Draw a landscape following the recipe directions. The landscape could be drawn by looking outside, going outside, or you may look up a picture on the computer and draw that. Share your picture with someone when you are done and tell them the steps you followed to make your picture.
Kindergarteners recently finished their first project in art. They learned about the primary colors, and how to make the secondary colors by mixing them. They did this through creating a landscape drawing of a pumpkin patch, and then colored it with special colored pencils. When the kindergarteners painted over the colored pencil with water, the pencil turned to paint! Visit this link to see the pictures: https://twitter.com/mskartroom/status/923580611046060032
For our first project, kindergarteners have been learning all about the primary and secondary colors. This knowledge will be very helpful once we start building our "Frankencrayons." After we read the story "Frankencrayon," by Michael Hall, the kindergarteners will paint rectangles of the primary and secondary colors, cut them out, and assemble them to look like a crayon monster! Our crayons will come alive just in time for Halloween!
Kindergarteners are learning all about Claude Monet and his famous gardens. We got to see what his house and gardens look like via a virtual field trip to Giverny France. After observing them and talking about what grows in gardens, the students made their own mini clay water gardens.
The kindergarteners have been spending a lot of time carefully putting together their warm story quilts. They had to not only create a color pattern to make a quilt blanket effect, but also a paper pattern!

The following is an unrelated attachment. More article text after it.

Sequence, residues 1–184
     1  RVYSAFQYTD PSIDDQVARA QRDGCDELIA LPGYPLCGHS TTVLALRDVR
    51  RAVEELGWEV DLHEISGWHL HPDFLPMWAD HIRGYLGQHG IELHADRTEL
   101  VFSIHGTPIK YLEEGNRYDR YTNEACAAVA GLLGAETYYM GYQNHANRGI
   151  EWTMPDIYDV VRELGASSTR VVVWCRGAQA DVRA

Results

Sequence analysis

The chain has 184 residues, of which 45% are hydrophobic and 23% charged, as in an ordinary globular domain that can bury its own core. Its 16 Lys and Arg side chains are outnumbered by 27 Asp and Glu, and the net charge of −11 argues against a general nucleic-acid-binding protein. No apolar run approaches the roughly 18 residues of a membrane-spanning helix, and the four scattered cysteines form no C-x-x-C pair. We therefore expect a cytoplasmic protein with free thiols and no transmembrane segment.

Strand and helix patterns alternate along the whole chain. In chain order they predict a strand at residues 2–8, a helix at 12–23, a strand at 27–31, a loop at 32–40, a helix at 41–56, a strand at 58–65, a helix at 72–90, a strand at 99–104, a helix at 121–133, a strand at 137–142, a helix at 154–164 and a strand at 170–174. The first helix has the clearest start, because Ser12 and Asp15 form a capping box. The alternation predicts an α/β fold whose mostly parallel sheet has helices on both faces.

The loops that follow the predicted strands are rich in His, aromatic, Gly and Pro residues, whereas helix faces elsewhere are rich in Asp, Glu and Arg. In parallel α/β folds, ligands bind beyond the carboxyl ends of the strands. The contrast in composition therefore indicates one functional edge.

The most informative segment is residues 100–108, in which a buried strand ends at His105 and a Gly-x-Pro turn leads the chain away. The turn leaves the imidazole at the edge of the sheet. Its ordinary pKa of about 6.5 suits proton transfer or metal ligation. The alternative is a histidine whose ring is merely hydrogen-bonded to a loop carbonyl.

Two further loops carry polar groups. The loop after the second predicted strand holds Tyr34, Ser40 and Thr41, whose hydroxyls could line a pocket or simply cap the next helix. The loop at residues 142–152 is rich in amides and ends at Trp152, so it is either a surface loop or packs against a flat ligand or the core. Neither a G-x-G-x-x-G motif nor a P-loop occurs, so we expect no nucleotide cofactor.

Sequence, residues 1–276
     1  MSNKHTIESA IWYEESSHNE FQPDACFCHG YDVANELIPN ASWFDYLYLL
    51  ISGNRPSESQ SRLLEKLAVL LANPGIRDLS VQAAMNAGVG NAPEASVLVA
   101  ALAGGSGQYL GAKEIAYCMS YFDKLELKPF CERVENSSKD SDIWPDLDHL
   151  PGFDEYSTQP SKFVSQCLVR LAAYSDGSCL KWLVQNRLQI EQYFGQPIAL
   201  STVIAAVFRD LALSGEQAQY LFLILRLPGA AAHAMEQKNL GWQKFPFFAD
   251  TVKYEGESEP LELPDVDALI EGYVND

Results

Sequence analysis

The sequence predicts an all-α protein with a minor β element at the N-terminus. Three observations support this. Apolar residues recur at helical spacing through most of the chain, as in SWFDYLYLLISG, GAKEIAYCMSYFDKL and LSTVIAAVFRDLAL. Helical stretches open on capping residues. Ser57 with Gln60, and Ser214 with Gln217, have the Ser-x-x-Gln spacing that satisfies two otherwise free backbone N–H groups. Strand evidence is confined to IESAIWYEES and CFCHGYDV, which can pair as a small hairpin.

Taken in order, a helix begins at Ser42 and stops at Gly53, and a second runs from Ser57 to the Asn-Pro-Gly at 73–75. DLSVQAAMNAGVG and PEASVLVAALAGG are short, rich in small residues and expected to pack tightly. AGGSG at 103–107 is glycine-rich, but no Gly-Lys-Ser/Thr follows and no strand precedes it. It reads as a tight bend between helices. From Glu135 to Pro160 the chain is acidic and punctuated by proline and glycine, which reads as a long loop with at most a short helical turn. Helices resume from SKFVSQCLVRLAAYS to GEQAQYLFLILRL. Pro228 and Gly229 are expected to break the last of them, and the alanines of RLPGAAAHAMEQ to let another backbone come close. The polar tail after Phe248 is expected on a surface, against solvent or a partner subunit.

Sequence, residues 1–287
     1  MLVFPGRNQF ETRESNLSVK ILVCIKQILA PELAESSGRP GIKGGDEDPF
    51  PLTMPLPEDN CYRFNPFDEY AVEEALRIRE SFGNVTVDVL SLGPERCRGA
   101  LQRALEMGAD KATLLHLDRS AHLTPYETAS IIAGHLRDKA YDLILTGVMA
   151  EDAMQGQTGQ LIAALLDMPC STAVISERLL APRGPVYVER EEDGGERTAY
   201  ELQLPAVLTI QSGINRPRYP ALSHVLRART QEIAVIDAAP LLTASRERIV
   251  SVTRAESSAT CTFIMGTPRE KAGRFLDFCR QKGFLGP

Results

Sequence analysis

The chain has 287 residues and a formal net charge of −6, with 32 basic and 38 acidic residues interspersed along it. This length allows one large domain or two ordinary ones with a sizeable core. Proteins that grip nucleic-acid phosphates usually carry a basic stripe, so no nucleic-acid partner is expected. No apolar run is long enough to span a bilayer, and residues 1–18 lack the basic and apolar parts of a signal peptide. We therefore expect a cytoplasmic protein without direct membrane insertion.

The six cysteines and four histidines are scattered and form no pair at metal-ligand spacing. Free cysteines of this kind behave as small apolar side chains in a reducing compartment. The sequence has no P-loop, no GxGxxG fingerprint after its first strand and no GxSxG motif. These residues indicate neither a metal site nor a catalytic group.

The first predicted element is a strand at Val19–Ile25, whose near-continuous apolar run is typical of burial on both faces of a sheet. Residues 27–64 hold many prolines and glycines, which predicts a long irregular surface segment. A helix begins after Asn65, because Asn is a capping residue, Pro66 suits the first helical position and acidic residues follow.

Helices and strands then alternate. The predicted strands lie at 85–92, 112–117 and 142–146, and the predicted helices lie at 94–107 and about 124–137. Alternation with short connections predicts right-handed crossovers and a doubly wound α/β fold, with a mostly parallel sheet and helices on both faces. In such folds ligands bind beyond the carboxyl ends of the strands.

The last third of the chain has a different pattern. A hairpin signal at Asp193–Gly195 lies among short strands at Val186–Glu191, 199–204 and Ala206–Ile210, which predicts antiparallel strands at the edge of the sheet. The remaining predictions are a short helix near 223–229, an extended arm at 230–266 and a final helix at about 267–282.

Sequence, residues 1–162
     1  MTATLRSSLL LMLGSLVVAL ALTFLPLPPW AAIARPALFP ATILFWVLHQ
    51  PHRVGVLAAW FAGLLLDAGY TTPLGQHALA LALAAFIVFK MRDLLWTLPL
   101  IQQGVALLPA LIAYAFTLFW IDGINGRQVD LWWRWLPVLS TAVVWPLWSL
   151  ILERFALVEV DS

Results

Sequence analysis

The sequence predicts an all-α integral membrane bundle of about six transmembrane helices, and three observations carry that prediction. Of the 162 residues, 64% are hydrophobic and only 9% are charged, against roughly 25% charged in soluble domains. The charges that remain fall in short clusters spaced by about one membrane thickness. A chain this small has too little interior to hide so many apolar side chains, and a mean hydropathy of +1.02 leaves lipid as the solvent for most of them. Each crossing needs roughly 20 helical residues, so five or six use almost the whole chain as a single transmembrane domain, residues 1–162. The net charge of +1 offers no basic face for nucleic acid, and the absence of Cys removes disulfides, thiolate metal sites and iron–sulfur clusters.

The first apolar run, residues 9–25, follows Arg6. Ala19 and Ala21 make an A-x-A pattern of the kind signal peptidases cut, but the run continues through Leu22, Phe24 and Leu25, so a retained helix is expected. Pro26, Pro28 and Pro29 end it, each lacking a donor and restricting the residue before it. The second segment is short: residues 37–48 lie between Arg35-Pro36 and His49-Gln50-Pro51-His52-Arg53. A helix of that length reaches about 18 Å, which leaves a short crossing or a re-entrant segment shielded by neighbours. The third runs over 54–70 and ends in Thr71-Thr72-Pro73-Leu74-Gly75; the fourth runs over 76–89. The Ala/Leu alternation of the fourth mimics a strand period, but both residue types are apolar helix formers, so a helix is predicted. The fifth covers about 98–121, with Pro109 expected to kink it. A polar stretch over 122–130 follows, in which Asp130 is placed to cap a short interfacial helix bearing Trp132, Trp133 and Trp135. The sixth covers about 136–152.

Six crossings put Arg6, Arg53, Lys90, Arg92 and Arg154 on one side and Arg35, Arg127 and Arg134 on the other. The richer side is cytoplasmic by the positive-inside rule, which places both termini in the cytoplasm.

As the cold weather begins, Kindergarteners discussed ways that they enjoy staying warm. Whether it's by drinking a steaming cup of hot chocolate or wearing extra layers and some ear muffs, we need to stay cozy! Kindergarteners learned about story quilts and how some artists like Faith Ringgold create these combinations. Using our ideas and Faith Ringgold as inspiration, Kindergarteners drew a picture of their favorite way to stay warm. These warm images will be added to a paper quilt later on.
Our scenic pumpkin patches are in need of pumpkins! Kindergarteners spent the past few weeks finishing up their pumpkin patch paintings, and are now ready to draw pumpkins. Drawing pumpkins is quite simple, all you need are curved lines! Once the pumpkins are done they will be glued to the paintings to fill the patch.
We started the year off in kindergarten art by learning about all different types of lines through the story "Lines that Wiggle." We looked at how artists use lines to make shapes and draw pictures. Since it's fall, we used the lines we knew to draw a picture of a pumpkin patch that will later be filled with pumpkins!